Gulf Restoration Network is proud to partner with the regional premiere of "Yellow Eyed Creatures," a theatre production which will be staged outdoors in New Orleans City Park in November. A modern retelling of the Genesis myth set in the swamps of Louisiana, "Yellow Eyed Creatures" unearths a new interpretation of humanity’s bond with nature and the need to protect our wild places.
Below we’ve interviewed Ariadne Blayde, the play’s award-winning author, about her writing process and the play’s environmental themes.
GRN: Tell us more about “Yellow Eyed Creatures.” What’s the production about?
Ariadne Blayde: Part parable, part coming-of-age story, “Yellow Eyed Creatures” is about two teenage girls who’ve lived their whole lives in the wild. When a boy their age arrives from the outside world, the allure of civilization becomes very tempting, and they must ultimately decide whether or not to forsake the beautiful swamp of their origin in favor of a new, more complicated life in the human world.
GRN: And it’s being staged outdoors?
AB: The show is being performed at Grow Dat Youth Farm, which is in one of the most natural, wild parts of City Park. We have an absolutely beautiful spot in front of the bayou. The centerpiece of our set is an ancient live oak tree, which the actors climb during the show. I wrote this play years ago and have always dreamed of having the opportunity to perform it in a natural setting like this.
GRN: What inspired you to write the play?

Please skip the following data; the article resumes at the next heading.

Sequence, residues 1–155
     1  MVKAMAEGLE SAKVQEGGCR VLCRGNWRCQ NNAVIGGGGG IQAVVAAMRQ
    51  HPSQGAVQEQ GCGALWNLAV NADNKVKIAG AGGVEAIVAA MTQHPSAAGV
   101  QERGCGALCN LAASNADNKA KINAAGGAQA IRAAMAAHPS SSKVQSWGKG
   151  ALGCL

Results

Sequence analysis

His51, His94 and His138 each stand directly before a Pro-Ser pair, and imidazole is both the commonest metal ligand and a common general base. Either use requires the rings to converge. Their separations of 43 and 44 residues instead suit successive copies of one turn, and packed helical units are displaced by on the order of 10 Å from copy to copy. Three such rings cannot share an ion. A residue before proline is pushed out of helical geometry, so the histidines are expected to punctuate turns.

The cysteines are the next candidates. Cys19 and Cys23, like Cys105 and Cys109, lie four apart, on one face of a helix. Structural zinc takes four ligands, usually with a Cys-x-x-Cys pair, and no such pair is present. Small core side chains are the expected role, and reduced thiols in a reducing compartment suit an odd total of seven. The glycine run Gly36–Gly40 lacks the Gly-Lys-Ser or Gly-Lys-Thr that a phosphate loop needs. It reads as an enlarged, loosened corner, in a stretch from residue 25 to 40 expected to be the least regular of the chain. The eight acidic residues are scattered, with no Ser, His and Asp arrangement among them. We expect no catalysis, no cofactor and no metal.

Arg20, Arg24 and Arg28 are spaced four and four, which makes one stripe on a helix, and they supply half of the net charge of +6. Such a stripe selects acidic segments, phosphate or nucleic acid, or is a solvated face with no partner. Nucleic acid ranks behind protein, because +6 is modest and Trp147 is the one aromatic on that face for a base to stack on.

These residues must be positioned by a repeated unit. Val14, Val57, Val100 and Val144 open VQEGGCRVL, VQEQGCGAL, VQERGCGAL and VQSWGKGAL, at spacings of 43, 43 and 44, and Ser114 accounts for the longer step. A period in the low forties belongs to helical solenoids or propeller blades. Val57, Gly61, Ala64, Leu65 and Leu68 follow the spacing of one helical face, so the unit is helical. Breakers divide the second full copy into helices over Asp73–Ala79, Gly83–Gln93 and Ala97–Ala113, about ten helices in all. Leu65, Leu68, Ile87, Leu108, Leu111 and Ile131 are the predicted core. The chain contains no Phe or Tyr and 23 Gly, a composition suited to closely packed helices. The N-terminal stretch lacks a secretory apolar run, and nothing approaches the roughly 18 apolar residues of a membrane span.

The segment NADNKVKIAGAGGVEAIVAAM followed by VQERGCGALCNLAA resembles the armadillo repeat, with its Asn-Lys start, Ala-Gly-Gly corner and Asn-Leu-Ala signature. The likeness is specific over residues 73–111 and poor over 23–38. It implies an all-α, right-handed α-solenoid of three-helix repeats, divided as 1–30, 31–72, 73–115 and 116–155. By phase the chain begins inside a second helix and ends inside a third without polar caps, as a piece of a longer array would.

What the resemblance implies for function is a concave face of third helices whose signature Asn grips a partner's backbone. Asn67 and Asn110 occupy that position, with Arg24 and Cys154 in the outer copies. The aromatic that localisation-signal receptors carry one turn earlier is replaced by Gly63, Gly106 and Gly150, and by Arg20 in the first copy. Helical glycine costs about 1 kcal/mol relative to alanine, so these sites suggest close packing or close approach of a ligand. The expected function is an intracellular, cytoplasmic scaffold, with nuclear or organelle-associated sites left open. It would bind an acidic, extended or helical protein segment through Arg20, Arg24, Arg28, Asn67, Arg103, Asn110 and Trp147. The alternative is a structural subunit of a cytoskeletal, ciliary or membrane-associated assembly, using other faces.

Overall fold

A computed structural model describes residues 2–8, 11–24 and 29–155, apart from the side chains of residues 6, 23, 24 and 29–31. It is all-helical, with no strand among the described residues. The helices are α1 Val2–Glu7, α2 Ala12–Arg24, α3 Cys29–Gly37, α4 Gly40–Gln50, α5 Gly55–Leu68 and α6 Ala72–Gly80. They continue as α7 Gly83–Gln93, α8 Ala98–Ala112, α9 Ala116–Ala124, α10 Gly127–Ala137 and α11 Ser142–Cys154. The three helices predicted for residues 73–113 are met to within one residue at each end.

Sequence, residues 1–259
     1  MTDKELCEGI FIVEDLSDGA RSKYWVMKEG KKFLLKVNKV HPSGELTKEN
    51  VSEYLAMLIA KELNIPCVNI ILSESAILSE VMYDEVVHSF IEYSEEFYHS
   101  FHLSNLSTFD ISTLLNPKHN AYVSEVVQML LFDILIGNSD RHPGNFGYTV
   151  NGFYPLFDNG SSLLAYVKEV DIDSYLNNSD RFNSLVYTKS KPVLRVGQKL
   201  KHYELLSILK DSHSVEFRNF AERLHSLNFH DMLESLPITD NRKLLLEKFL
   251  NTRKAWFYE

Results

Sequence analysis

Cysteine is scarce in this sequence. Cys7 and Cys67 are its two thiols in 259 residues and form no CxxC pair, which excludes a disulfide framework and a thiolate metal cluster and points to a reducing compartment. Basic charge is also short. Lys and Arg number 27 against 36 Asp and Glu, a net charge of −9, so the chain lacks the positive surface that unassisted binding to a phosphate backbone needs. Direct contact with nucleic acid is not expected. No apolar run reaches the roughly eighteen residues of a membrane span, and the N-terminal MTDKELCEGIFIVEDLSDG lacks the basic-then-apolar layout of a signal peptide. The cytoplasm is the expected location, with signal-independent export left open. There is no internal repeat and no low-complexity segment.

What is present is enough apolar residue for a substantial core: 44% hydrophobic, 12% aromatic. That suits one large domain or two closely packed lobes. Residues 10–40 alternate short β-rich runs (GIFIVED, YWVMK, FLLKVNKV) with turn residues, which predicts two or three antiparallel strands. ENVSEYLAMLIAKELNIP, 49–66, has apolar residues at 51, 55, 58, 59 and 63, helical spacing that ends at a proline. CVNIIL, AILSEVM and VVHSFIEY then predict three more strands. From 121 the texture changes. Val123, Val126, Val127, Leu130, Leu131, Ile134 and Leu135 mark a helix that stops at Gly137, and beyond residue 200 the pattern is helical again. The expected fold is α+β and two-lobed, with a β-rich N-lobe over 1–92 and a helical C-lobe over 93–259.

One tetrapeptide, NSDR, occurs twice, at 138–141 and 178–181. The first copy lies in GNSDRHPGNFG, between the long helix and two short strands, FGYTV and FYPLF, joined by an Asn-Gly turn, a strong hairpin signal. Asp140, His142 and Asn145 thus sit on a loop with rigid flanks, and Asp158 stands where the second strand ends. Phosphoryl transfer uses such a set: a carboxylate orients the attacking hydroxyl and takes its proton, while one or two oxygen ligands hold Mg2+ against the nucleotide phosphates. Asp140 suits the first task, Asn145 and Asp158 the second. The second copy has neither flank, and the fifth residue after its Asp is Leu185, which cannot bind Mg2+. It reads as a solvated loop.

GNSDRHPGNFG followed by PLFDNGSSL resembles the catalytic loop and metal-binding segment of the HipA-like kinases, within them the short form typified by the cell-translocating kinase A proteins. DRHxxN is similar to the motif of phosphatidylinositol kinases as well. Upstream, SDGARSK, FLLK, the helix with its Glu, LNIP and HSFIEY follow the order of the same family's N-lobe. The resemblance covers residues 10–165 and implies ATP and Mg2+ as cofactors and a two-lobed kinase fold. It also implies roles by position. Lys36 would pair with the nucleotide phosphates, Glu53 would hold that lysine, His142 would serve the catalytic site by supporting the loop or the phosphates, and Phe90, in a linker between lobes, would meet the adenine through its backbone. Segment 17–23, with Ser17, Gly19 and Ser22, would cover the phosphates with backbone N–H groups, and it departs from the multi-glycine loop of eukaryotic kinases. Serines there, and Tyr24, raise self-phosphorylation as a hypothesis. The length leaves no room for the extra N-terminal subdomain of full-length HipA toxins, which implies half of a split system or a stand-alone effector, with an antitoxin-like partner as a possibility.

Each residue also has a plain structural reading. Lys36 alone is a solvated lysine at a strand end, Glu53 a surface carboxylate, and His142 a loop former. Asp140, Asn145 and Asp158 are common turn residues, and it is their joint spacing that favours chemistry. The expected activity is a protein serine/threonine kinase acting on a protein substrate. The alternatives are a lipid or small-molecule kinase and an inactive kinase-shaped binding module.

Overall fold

AB: I’ve always been a conservationist, and feel a very strong connection with the natural world. I think sometimes we forget how deeply our humanity is tied to the earth and nature, and that’s what this play explores. A very dominant theme in western literature is that of “man vs. nature,” and I think that’s a story that needs to be rewritten. “Yellow Eyed Creatures” explores what humans and nature have in common, rather than what sets us apart.
GRN: How does “Yellow Eyed Creatures” connect to the work we do at Gulf Restoration Network and the gulf’s environment?
AB: The play is very deeply rooted in the wetlands of southeastern Louisiana, and wetlands obviously have a very important impact on coastal health. Through “Yellow Eyed Creatures” I hope to bring awareness to the alarming speed at which we are losing our coastal wetlands here in Louisiana. I believe that anyone who sees this production will be instantly struck by the beauty of our natural setting, and hopefully be inspired to protect the other wild places like it.
Yellow Eyed Creatures runs Nov 14-Nov 22, on Saturdays and Sundays with performances at 12:00 and 3:00 pm. Tickets and more information are available at www.yelloweyedcreatures.com